• Focus your efforts on matters that are not urgent at this point in time, but which would allow “quantum leaps” in effectiveness in either our personal or professional lives.

Will you hurry up and finish so I can talk?

May 30, 2008

This phrase often runs through my mind when I am conversing with people, and I’m sure that I am not the only person that frequently has this mindset. When I enter into a conversation with someone, more times that not, it is because either of us has something that is personally important or interesting that we would like to share with each other: a news story from last night that is particularly important, a tidbit from that book we have been reading, or maybe that new music group that is the best thing since cable internet. It could be anything really.

Sometimes I stop listening to a person a few seconds after they have just started talking. For example, a friend recently came up to me to tell me about this really cool band he had recently started to listen to, but as soon as I heard “cool band” I immediately zoned out, and started raking my brain to come up with an even cooler band that I had recently discovered. When he stopped talking, I tuned back in and started saying “Oh yeah, cool… But I found this really cool band as well. Let me tell you about it.” I’m sure it is obvious how disingenuous I was being, yet I felt that I needed to one up him, and in the process I am sure he became very agitated.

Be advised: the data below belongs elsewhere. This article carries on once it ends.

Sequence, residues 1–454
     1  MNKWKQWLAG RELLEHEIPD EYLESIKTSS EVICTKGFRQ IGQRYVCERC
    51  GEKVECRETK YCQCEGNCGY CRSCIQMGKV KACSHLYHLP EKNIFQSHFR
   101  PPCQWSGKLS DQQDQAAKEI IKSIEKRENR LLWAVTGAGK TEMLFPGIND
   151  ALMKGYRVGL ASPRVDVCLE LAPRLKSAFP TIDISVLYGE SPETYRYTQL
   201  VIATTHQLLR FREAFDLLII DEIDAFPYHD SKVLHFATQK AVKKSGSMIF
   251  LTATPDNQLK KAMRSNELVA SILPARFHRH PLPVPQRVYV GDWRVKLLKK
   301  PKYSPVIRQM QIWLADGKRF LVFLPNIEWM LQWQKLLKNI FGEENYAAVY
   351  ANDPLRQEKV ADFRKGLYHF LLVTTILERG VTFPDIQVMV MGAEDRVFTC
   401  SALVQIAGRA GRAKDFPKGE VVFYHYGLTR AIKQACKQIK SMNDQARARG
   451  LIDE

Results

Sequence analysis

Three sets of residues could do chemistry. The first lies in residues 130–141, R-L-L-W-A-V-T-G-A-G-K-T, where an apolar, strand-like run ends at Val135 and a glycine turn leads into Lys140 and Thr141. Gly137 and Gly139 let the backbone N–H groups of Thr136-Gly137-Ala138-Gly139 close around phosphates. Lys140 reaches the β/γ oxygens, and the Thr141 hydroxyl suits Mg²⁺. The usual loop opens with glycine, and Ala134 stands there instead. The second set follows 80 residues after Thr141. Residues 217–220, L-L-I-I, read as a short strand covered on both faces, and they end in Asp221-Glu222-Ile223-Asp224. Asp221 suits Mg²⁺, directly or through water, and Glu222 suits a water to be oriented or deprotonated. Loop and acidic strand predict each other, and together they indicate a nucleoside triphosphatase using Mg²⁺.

Most people do not listen with the intent to understand; they listen with the intent to reply

-Stephen Covey

He continues to say that our reasons for listening this way is because we want to be understood. What a novel concept. However, there is not a positive correlation between how much I talk in a conversation, and how much people want to actually listen to me. It is unfair to expect our counterpart to listen with an intent to understand, when we do not do the same for them. This insight can be very powerful in establishing deep, effective relationships. I am not talking about manipulating people, or using special “listening techniques” so I can get what I want. That is dishonest, and frankly flat out wrong, even though it happens on a daily basis in every career field.

Often times I wonder why many of my relationships are shallow, where conversational topics only skim the surface, and the most personal thing I know about someone is what they ate they ate for lunch that day. I now realize that this void is just fallout of daily conversational battles, where each person is yearning to be understood, but is never fulfilled. I have been in numerous situations where a person will start to say something, and before they can finish their first sentence, someone has starting talking about a similar experience, leaving the first person feeling dejected. Covey writes that instead of pretending to listen, or flat out ignoring a person, one should use “empathetic listening”. He continues to delve deeper, writing that empathetic listening includes “listening with the ears, but also more importantly listening with your eyes and with your heart.” When a listener takes this course of action, he/she will begin to really understand the speaker, and climb into their frame of reference. It is at this point in which relationships will deepen, and when people will feel more comfortable opening up and talking about more meaningful topics.